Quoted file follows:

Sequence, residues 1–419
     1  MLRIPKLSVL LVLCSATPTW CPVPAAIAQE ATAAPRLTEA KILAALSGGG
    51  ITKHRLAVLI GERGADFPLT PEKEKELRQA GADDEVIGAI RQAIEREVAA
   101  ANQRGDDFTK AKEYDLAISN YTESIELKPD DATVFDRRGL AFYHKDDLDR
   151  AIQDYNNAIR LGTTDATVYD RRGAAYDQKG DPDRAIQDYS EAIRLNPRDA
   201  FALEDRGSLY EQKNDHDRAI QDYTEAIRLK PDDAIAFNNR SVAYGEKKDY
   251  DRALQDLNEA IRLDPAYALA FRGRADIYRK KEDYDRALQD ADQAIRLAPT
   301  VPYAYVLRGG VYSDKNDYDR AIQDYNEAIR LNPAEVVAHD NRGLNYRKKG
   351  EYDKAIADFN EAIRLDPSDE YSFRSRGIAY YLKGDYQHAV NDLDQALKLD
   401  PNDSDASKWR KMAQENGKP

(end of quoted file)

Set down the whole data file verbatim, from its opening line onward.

Sequence, residues 1–419
     1  MLRIPKLSVL LVLCSATPTW CPVPAAIAQE ATAAPRLTEA KILAALSGGG
    51  ITKHRLAVLI GERGADFPLT PEKEKELRQA GADDEVIGAI RQAIEREVAA
   101  ANQRGDDFTK AKEYDLAISN YTESIELKPD DATVFDRRGL AFYHKDDLDR
   151  AIQDYNNAIR LGTTDATVYD RRGAAYDQKG DPDRAIQDYS EAIRLNPRDA
   201  FALEDRGSLY EQKNDHDRAI QDYTEAIRLK PDDAIAFNNR SVAYGEKKDY
   251  DRALQDLNEA IRLDPAYALA FRGRADIYRK KEDYDRALQD ADQAIRLAPT
   301  VPYAYVLRGG VYSDKNDYDR AIQDYNEAIR LNPAEVVAHD NRGLNYRKKG
   351  EYDKAIADFN EAIRLDPSDE YSFRSRGIAY YLKGDYQHAV NDLDQALKLD
   401  PNDSDASKWR KMAQENGKP